SALT LAKE CITY — Gov. Gary Herbert said Thursday Utah "ought not to be afraid" of considering a nuclear power plant in the state.
But there are still many questions that would need to be answered before going forward, including whether the state would accept the high-level waste produced, the governor said during the taping of his monthly press conference on KUED Channel 7.
His comments came the morning after he called for a "substantive debate" on whether there is a place for nuclear energy in Utah in his annual State of the State address Wednesday.
Utah's role in any plant would be regulatory, he said.
"I don't think the state is going to start proposing a nuclear power plant. We're not going to construct one and run one," he said. "But we certainly have a role to play when it comes to the regulation."
Such a plant is planned just outside of Green River in Emery County on a swath of land that is part of an industrial development park.
Proposed by Blue Castle Holdings, of which former state House Rep. Aaron Tilton is president and chief executive officer, the project hinges on controversial water rights application that involves acquiring a combined 53,600 acre feet of water from a pair of water conservancy districts.
Hearings and protest periods were held last year and the Division of Water Rights has yet to give the water allocation its nod, said John Mann, assistant state engineer for applications and records.
"It's been a controversial issue," he said, noting the project has the support of local officials hungry to provide jobs for residents and the criticism of environmental groups that contend the Colorado River system is already over-allocated.
The two-unit nuclear power project would have the capacity for 3,000 megawatts and feature spent fuel storage facilities on site that Tilton has said would provide for more than 100 years of safe storage.
HEAL Utah's executive director Christopher Thomas said he is dismayed at Herbert's remarks.
Aside from its "unreasonable demands for Utah's precious water," Thomas said he doubted the power plant would fly in a fiscal climate full of Utahns skeptical of taking out billion dollar loans to finance the venture.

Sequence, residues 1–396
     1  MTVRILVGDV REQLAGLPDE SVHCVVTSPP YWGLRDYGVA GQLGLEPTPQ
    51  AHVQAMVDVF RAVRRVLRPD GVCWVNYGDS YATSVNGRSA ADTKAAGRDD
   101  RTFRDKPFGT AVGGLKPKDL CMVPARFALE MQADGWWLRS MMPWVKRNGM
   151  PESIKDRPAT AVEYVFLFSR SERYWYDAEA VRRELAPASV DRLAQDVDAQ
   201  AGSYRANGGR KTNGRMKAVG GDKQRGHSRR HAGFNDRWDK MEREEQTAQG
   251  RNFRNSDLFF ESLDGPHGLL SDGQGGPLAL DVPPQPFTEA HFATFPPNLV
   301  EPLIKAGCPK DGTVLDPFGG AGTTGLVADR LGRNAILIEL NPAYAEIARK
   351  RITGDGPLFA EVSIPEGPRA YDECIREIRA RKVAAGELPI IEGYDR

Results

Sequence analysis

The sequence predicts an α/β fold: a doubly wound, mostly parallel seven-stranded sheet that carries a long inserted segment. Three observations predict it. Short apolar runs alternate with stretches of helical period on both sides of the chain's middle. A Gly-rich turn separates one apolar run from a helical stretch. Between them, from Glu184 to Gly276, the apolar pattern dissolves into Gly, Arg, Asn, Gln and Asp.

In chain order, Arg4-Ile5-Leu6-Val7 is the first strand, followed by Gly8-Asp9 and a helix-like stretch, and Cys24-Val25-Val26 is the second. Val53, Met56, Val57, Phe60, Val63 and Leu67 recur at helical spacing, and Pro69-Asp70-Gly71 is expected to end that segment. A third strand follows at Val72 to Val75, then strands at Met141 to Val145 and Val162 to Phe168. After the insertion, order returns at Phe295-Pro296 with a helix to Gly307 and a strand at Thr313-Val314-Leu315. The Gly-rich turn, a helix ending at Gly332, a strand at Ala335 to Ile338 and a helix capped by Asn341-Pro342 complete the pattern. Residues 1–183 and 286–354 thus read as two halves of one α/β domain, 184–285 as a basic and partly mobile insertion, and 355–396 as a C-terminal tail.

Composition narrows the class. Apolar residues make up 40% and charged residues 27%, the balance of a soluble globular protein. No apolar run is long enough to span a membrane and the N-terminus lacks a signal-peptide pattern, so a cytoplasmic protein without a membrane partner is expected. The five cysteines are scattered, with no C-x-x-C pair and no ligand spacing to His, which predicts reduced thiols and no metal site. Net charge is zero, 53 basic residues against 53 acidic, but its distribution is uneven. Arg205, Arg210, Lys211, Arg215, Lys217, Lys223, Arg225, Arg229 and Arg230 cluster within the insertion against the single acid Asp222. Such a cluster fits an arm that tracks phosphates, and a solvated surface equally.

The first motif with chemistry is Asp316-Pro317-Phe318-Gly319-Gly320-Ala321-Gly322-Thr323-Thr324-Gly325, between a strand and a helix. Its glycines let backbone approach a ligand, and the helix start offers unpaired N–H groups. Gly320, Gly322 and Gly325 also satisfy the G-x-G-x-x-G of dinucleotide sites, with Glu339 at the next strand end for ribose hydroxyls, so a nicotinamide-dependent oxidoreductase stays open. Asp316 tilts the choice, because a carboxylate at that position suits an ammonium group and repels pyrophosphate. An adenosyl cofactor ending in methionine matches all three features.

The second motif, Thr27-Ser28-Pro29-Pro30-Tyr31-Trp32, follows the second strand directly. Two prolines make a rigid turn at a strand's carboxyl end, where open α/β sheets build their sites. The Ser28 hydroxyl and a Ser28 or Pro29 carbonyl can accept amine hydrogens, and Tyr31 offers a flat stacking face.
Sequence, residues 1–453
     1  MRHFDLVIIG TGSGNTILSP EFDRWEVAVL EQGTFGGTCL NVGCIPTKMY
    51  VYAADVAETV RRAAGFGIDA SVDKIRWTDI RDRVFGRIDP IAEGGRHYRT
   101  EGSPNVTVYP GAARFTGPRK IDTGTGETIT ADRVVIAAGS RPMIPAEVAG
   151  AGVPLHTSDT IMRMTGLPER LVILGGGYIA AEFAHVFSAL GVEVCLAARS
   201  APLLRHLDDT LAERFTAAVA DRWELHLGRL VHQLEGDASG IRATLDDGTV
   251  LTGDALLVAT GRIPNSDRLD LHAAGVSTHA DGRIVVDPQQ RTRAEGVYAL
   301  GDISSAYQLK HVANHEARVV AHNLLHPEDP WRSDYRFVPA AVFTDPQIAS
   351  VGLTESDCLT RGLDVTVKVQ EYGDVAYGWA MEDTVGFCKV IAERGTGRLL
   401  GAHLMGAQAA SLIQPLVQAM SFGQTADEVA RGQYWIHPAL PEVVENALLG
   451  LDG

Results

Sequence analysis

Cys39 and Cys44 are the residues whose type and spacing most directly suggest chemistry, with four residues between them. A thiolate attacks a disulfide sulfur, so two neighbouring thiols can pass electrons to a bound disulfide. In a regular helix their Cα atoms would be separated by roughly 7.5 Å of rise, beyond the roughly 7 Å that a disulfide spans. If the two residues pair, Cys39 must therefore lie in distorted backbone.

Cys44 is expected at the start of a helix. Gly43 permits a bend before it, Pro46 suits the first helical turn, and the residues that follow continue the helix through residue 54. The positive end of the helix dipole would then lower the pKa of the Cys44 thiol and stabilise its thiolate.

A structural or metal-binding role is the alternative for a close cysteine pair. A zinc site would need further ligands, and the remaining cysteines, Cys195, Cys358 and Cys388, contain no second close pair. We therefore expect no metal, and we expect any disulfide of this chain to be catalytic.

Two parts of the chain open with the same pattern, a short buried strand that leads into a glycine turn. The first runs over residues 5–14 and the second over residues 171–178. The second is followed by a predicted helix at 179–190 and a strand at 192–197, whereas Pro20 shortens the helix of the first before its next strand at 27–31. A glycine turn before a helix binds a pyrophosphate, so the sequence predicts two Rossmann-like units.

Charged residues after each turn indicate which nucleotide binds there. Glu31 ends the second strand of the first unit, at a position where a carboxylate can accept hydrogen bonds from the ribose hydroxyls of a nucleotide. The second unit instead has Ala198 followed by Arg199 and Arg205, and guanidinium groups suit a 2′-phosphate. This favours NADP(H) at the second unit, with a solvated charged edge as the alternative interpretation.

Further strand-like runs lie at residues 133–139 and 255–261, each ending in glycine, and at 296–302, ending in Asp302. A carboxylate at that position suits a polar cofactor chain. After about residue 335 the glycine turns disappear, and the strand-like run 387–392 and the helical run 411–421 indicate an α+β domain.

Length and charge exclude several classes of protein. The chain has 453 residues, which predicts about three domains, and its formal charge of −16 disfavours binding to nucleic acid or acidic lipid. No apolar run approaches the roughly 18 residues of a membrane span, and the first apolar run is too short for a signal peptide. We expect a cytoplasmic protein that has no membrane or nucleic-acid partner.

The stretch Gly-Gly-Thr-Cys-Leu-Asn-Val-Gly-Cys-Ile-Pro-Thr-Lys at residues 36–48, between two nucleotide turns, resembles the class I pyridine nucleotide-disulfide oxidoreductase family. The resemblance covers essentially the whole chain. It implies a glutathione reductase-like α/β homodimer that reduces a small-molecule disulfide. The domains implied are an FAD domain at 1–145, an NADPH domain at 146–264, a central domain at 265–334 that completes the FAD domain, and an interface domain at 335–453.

"Taxpayers get stuck with the risks, while Utahns get stuck with high-level nuclear waste we spent a decade fighting to keep out," Thomas said.
But Herbert stressed a key consideration would be whether such a plant would be built to export electricity out of state.
While Utahns have long been opposed to disposing of high-level nuclear waste in the state, he said that might be different if the power produced here stayed here for Utahns.
"The reason we are so adamant in opposition to higher levels of nuclear waste, rather than the low-level Class A waste we now take, is because it's produced someplace else," he said. "Most of us believe that if it is produced there, it ought to stay there."
If a nuclear power plant in Utah was producing power for the state, the governor said, "it's probably more acceptable to keep the spent rods, the higher levels of nuclear waste, here in Utah. But if we're just going to export the nuclear power, it's probably not as acceptable to keep the waste here."
Calls to Blue Castle were not returned Thursday, but Tilton has said the plant will help meet the need of increased energy demands in the West, and that the company has been in discussions with 15 utility groups. It remains unclear if any of the electricity generated would stay in Utah.
Herbert said what is important now is to start talking about the issue. "I don't know all the answers to the questions," he said. "If we're serious about having affordable energy and clear air and cleaner energy production, nuclear energy has got to be something we discuss."
He said he's not certain whether Utah has a role to play. "It's just time for us to have the discussion and we ought not to be afraid of that."
In the last legislative session, Herbert signed off on a measure that provides up to a 100 percent credit on state taxes paid by a nuclear power plant for 20 years of its operation.
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